The future of American health care depends greatly on attracting the best and the brightest minds to medicine. Among the challenges facing future physicians is the $150,000 elephant in the room—that is the minimum amount the majority of medical students expect they will have to repay in loans, according to a 2017 survey conducted by AMA Insurance.
Now a headline-grabbing free tuition policy recently instituted by New York University (NYU) School of Medicine will go a long way toward eliminating that burden.
Officials at NYU—a member school of the AMA Accelerating Change in Medical Education Consortium—announced that they are offering full tuition scholarships to current and future medical students regardless of need or merit. The yearly tuition costs covered by the scholarship are $55,018.
“This decision recognizes a moral imperative that must be addressed, as institutions place an increasing debt burden on young people who aspire to become physicians,” Robert I. Grossman, MD, the Saul J. Farber Dean of NYU School of Medicine and CEO of NYU LangoneHealth, said in a statement.
The significant student-loan burdens many trainees accumulate can contribute to the looming shortage of primary care physicians. The Association of American Medical Colleges predicts that by 2025 the U.S. will see a shortfall of up to 35,600 primary care physicians.
“Tuition-free medical education goes beyond the merit and financial scholarships, and debt cancellations that other academic centers have traditionally favored,” Rafael Rivera, MD, NYU’s associate dean for admissions and financial aid, added in the school’s statement. “More importantly, it addresses both physician shortages and diversity.”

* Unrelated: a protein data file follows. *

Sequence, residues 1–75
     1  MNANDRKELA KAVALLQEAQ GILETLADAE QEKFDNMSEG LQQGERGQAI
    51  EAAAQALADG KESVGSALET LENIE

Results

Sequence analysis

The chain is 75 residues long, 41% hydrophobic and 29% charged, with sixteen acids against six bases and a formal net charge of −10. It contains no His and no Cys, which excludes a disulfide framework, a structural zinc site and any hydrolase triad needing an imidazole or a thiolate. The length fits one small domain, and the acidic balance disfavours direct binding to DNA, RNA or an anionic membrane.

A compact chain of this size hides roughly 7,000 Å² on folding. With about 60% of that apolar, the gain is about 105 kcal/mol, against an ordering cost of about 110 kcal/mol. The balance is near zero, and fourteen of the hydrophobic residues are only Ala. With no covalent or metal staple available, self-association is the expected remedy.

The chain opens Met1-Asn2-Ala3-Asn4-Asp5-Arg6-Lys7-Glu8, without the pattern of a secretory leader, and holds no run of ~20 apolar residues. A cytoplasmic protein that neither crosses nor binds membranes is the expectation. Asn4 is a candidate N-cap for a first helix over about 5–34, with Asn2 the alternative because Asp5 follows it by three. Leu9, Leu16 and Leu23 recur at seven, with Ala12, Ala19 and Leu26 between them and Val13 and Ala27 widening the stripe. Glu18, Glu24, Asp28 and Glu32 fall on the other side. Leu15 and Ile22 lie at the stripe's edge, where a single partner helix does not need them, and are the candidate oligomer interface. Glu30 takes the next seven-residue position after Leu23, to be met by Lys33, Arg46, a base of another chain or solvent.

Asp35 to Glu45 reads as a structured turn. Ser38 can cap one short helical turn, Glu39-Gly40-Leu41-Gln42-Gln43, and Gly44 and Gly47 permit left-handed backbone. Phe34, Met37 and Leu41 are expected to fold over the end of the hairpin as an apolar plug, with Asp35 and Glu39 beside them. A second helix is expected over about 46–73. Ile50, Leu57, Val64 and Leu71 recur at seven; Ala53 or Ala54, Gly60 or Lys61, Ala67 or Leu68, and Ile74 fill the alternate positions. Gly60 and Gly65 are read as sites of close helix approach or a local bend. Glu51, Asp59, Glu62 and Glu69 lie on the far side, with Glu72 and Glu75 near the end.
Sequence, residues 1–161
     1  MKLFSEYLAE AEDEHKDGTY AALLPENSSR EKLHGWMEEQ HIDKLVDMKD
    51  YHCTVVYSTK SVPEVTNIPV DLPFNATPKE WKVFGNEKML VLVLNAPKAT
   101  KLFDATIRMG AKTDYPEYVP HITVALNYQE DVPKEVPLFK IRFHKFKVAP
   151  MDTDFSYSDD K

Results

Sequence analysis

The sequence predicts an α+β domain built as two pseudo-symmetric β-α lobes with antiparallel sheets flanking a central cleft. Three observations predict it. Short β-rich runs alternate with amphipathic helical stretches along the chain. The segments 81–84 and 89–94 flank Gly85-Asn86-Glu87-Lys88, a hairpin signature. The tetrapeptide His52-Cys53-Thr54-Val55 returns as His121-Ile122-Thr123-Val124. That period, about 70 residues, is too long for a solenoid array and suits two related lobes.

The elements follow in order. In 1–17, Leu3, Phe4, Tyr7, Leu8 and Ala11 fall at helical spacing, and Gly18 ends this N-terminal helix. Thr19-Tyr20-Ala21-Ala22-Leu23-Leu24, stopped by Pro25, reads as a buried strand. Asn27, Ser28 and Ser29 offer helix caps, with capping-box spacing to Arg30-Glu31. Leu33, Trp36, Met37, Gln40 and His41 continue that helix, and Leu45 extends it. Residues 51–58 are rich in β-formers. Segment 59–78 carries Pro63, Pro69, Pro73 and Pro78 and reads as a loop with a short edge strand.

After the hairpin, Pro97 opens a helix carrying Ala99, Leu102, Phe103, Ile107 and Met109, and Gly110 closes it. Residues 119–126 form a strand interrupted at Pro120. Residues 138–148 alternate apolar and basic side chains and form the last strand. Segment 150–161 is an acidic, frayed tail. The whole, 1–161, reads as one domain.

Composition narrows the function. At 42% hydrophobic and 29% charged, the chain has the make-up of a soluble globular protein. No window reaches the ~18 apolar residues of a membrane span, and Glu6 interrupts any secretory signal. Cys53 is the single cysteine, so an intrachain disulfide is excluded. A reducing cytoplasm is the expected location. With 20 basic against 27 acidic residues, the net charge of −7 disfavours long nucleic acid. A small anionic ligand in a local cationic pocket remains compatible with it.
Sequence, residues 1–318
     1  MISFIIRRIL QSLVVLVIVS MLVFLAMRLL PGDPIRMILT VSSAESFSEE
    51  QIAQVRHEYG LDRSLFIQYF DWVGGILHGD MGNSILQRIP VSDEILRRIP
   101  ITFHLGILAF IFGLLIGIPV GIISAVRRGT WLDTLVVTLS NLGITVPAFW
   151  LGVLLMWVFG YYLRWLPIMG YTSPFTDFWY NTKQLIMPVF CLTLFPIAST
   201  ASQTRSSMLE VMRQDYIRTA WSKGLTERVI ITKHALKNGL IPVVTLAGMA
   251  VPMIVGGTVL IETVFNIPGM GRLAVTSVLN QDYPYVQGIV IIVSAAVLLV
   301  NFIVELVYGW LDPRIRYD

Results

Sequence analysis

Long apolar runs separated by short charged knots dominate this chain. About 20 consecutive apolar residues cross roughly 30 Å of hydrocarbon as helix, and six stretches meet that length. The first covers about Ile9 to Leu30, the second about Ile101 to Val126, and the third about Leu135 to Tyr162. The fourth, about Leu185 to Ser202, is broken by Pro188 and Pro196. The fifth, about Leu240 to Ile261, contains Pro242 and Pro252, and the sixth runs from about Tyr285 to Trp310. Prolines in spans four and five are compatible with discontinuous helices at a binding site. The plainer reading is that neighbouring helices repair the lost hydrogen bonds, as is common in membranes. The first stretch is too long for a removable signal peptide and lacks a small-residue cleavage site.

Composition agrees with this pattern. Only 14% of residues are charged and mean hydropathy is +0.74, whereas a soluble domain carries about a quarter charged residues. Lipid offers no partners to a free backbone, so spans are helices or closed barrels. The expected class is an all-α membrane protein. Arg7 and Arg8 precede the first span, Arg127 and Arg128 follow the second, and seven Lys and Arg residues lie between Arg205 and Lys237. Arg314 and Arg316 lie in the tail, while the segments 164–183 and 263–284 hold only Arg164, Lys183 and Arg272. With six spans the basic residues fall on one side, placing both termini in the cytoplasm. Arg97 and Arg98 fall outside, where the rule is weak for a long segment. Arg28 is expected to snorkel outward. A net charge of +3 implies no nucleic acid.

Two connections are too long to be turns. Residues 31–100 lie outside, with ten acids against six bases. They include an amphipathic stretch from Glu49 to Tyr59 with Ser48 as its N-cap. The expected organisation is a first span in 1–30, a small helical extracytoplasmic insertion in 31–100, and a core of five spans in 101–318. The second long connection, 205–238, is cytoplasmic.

NYU also offers 3-year option
The unprecedented financial arrangement is just the latest impressive development at NYU.
This past spring, NYU’s graduates were the first to be educated by a curriculum that had been redesigned in order to create a new kind of medical trainee. As part of that institutional overhaul, NYU created the NYU Health Care by the Numbers Curriculum, a flexible three-year, individualized, technology-enabled, blended curriculum to improve care coordination and care quality.
The foundation for the curriculum is virtual patient panels derived from de-identified patient data gathered from NYU Langone Medical Center physician network practices panels. These panels immerse students in the data of a simulated group practice setting.
Quicker graduation means less debt
Schools within the AMA consortium are working to speed up the undergraduate medical education process. A positive result of such programs is a decrease in student debt.
Oregon Health & Science University developed a competency-based program as part of the five-year grant it received through the consortium that has reduced medical student debt by nearly $17,000 per student since 2015 and allowed nearly 25 percent of its 2018 graduating class to graduate early.